Here’s one of those categories where the spoils usually go to whoever shows us the “most” of whatever it is they’re nominated for. So we thought this was going to be a slam dunk for Alice in Wonderland, whose maker, Tim Burton, has seen three of his films previously take this award: Batman, Sleepy Hollow, and Sweeney Todd: The Demon Barber of Fleet Street. It seemed so easy, especially since we didn’t need to have the conversation about whether voters care if an art director’s vision is realized via nails or keystrokes, what with Avatar having won this award last year. But then Alice in Wonderland lost to Inception with the Art Directors Guild, at which point we had to ask ourselves: Does AMPAS even like Burton’s latest? Yes, we know the putrid Memoirs of a Geisha was a winner here in 2005, but that film’s six nominations suggested wider AMPAS support. Also, the Rob Marshall film didn’t have to compete with a Best Picture nominee, let alone three, including one that stands a reasonable chance of sweeping on Oscar night in a more spectacular than The Lord of the Rings: The Return of the King did in 2004.
When New York Press critic Armond White panned the universally admired Toy Story 3, the disapproval he expressed and the backlash it inspired were so “predictable” that they were, well, predicted. Bumping TS3 from its briefly “100% Fresh” standing at the critical aggregator Rotten Tomatoes, White’s piece (entitled “Bored Game”) channeled a steady stream of pissed off Pixar loyalists to the Press website. “Registered just to say I think you are a massive twat and I feel really sorry for you,” user woahreally weighed in. “Whoever ur boss is should be slapped for allowing you to publish this disaster of a review,” opined the inventively pseudonymed usuckballs.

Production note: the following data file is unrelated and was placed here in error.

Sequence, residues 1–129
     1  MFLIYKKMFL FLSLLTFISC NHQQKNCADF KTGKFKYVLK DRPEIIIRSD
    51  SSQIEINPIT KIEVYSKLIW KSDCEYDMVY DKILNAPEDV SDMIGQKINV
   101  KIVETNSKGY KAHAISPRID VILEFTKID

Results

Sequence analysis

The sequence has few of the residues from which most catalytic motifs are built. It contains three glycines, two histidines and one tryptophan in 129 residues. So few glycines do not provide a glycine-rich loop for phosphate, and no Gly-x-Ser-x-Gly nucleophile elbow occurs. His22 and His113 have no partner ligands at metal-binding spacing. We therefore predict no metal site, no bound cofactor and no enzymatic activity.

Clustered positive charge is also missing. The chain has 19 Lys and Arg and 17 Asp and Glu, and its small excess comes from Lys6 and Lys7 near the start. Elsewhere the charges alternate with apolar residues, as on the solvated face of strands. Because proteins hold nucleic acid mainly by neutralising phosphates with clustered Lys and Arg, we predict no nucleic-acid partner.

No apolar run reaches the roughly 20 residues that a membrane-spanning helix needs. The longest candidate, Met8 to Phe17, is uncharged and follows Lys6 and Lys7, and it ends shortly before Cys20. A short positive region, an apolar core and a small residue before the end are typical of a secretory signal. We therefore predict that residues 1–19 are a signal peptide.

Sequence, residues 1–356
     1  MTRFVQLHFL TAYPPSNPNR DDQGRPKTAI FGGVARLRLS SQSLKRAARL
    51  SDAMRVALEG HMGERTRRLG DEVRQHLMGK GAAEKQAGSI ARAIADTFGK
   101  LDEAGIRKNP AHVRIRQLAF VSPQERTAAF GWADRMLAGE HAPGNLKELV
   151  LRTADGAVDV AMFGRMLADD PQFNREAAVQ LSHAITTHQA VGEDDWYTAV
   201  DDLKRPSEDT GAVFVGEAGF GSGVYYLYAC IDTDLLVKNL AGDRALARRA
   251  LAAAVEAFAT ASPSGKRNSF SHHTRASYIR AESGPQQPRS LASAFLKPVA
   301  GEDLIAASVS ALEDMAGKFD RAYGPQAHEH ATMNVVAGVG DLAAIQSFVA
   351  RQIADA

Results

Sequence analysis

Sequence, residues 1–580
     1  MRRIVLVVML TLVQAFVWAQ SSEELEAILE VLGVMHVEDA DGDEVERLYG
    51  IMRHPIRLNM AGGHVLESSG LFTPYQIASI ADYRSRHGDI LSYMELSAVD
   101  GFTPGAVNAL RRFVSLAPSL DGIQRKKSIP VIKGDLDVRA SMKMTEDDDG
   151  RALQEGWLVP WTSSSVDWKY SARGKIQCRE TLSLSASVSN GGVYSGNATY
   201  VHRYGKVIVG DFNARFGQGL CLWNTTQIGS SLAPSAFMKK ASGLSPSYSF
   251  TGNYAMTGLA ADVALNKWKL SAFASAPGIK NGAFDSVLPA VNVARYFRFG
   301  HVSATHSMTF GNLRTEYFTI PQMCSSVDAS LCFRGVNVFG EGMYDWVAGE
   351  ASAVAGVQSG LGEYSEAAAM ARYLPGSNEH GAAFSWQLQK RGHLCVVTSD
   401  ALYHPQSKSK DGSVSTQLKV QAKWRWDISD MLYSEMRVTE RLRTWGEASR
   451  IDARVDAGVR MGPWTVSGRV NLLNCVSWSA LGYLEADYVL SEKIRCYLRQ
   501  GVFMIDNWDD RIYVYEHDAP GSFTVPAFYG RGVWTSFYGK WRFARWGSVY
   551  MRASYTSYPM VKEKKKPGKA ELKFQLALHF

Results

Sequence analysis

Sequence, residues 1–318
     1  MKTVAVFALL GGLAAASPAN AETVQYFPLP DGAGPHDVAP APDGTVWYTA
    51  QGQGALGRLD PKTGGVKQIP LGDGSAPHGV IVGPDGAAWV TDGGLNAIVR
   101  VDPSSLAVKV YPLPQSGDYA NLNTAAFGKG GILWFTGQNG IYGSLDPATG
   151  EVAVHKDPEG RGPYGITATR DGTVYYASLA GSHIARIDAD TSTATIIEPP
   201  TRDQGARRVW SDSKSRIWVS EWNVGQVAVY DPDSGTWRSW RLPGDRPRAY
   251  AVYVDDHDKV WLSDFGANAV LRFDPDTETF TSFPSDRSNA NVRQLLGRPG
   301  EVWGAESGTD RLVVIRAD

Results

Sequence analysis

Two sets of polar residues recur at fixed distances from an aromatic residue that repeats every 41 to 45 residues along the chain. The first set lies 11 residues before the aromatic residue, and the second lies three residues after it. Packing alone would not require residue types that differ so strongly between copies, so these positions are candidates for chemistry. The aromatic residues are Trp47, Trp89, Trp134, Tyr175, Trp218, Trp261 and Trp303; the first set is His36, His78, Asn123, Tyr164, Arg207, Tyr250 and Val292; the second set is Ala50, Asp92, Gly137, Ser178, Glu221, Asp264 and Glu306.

The comments-section calls for White to be fired are occasionally hilarious in their venom and vulgarity, all the more so for being so spectacularly self-defeating—could the Press have mounted a more successful campaign to increase their web traffic and user registrations? And there’s the rub. White’s detractors accuse of him being a “contrarian,” someone who bucks the critical establishment and defies popular taste out of little more than cynical self-promotion and antisocial perversity. (This highly circulated chart of Armond’s pans and praises has been offered as definitive “proof” that his opinions are reflexively reactionary.) But if this is true, any principled stand against White paradoxically rewards and enables him. “Don’t feed the trolls,” as the saying goes.